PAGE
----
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This report “is an atlas of human suffering and a damning indictment of failed climate leadership.” Such was the response of UN secretary general Antonio Guterres to the February 28, 2022 report of the Intergovernmental Panel on Climate Change (IPCC) documenting the present and future impact of the climate crisis on humans and society. Half the world’s population–more than 3.6 billion people, mostly poor Africans and south Asians–live with heightened risk of life-threatening floods, wildfires, heatwaves, rising sea levels, droughts, and climate-related respiratory and gastrointestinal illnesses due to the apathy of the wealthy, powerful governments. The privileged governments, most answerable for impending climate catastrophe, fail yearly to meet their pledged greenhouse gas emissions targets and fall short in promised climate adaptation money to developing countries. Moreover, President Biden recently ordered more production of oil and gas on public lands, betraying his campaign promises to “tackle the climate emergency,” a move that is moral madness.

We have barely enough time to save the planet and ourselves, the recent IPCC report underscores. By 2025–just three years from now–if we have not stopped increasing greenhouse gas emissions, we will fail to keep climate crises from “putting us on track toward an unlivable world.”

But who, except climate scientists and the most climate-vulnerable of the world, are paying attention? Since February 20, western news media has fixated exclusively on the brutal Russian war in Ukraine, a European war putting some 40 million Ukrainian people at risk, with barely a back page mention of the IPCC report and the billions of people of color of the Global South in the deadly path of climate Armageddon. The fossil-fueled war in Ukraine has preempted our global climate crisis and the crucial need for action.

On April 6 more than 1000 climate scientists engaged in unprecedented civil disobedience–occupying the steps of government agencies, blocking bridges, and chaining themselves to fossil fuel-friendly banks and the White House fence. Their central message is that world leaders are not diminishing their use of fossil fuels [in fact, they are expanding it now with the Russian/Ukrainian conflict], and that we are in the “11th hour in terms of Earth breakdown.” “I feel terrified for my kids and terrified for humanity,” said climate scientist Peter Kalmus chained to the front door of major fossil-fuel funder JPMorgan Chase building in Los Angeles. “Everything we love is at risk…including even civilization itself and the wonderful, beautiful cosmically precious life on this planet.” Kalmus and his fellow protesters were arrested by 100 Los Angeles police officers in riot gear.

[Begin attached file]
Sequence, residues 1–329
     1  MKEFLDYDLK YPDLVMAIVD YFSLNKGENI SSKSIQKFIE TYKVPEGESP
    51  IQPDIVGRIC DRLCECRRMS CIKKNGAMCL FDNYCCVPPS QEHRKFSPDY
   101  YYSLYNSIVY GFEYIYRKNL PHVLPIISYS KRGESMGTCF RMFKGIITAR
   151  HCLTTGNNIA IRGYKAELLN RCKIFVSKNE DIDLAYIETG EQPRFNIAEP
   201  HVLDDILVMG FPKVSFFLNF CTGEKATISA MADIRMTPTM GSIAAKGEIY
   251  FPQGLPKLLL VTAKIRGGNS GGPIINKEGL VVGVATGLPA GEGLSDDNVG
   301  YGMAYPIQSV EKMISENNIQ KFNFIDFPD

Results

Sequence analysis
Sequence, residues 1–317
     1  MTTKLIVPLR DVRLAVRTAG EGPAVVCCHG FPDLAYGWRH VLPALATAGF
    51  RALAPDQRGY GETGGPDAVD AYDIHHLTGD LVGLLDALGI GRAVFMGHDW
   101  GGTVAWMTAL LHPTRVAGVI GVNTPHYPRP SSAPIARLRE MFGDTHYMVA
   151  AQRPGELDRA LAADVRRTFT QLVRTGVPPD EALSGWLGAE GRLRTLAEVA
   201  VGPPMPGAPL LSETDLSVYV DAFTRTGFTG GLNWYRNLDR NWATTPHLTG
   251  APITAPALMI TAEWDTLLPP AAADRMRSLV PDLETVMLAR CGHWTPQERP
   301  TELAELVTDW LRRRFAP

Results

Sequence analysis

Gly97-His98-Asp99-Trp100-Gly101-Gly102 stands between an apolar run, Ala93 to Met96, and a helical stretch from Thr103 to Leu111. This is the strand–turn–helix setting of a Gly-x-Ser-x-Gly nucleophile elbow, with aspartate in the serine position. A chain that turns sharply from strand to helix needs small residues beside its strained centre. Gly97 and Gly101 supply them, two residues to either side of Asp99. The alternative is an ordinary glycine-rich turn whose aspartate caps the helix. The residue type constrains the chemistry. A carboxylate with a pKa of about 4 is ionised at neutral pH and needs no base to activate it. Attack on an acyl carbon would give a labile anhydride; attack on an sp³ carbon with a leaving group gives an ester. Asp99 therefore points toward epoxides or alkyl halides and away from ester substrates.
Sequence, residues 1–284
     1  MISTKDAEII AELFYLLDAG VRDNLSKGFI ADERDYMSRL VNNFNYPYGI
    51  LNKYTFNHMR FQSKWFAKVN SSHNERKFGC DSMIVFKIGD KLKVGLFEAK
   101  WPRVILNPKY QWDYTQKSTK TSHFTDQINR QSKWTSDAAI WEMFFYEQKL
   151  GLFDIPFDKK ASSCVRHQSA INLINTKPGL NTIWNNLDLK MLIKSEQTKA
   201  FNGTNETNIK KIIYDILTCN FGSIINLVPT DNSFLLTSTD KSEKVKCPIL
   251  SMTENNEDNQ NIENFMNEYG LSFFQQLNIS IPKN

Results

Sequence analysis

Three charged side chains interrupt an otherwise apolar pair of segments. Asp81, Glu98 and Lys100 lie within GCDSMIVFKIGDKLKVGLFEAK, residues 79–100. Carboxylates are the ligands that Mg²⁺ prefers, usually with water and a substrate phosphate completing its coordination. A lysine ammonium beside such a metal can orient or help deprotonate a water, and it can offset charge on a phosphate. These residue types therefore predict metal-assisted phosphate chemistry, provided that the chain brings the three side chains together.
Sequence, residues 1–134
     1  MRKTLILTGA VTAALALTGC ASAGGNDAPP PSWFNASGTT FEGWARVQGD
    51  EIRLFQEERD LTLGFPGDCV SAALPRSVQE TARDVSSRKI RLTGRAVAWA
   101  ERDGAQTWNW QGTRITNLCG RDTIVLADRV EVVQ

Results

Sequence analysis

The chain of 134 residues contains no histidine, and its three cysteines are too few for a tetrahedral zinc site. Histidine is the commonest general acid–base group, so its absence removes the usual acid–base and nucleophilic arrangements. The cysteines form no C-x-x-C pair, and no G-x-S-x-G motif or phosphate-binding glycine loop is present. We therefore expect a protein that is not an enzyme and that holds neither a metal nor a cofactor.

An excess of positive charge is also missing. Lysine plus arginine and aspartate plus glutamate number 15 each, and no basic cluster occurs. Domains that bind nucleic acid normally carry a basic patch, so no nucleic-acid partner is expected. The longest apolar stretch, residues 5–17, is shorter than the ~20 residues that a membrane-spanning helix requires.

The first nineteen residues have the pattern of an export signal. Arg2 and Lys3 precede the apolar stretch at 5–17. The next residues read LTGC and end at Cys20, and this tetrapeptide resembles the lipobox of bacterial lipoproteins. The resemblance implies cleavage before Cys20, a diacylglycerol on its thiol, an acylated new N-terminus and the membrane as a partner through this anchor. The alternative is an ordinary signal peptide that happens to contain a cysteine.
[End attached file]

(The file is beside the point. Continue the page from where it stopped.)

The April 6 action and subsequent weeklong climate scientists’ protests received minimal news coverage.

Follow the Money

Federal budgets are moral documents; they mirror a nation’s values and more tangibly, its heart and soul. President Biden’s proposed budget for fiscal year 2023 allocates $813 billion to the Pentagon for weapons making and war–our weapons and wars and our allies’ (some of which are autocrats and criminals) weapons and wars.

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Between 2002 and 2021, the five major weapons industries spent $1.2 billion on federal lobbying and campaign funding, which earned them $2.3 trillion in Pentagon contracts, all for our illegal wars in Afghanistan and Iraq, dozens of undercover military campaigns across the globe, and 750 military bases worldwide.

The proposed State Department budget for 2023 is $60.4 billion, about 7 percent of the Pentagon’s budget. What does this say about the value we place on peace negotiations for the goal of resolving conflict, allocating 7 cents for conflict resolution for every dollar dedicated to weapons of war. It’s not even 7 cents for peace negotiations since the State Department–allegedly our non-militarized arm in conflicts–negotiates arms deals and military training, as they are currently doing in Ukraine.

Further, the 100+ independent-of-government peace organizations in the United States run on small budgets, if any, and rely on many volunteers. Peace work is mainly funded by sweat equity–of great worth, but non-monetary: meeting with elected officials and their staff, drafting legislation, mobilizing letter-writing and lobbying campaigns, public protests, public speaking, publishing op-eds and letters to the editor; and conducting goodwill visits to so-called enemy countries.

The same proposed 2023 budget allocates $45 billion for clean energy, preparing for climate crises, and helping developing countries ready for climate crises. The budget, then, proposes to spend little more than a nickel for climate crisis spending for every dollar spent on war and ever more lethal weapons. In a recent election cycle, (2017-2018), oil, gas and coal industries outspent renewable energy companies 13-1 on federal lobbying and campaigns.

If the federal budget mirrors a government’s heart and soul, which I think it does, our national government is riddled with heart disease and soul decay. If humanity and much of life on Earth is to survive, we need a climate revolution and a peace revolution, a direction that the majority of Americans prefer. We do not need another Cold War with Russia and China, nor hundreds of fossil fuel and weapons lobbyists lining the pockets of members of Congress, nor an elephant-sized US military budget (the sole budget item Republicans and Democrats can agree on) in 2023, with crumbs from the master’s table left for diplomacy and clean energy.

Crossposted from Informed Comment.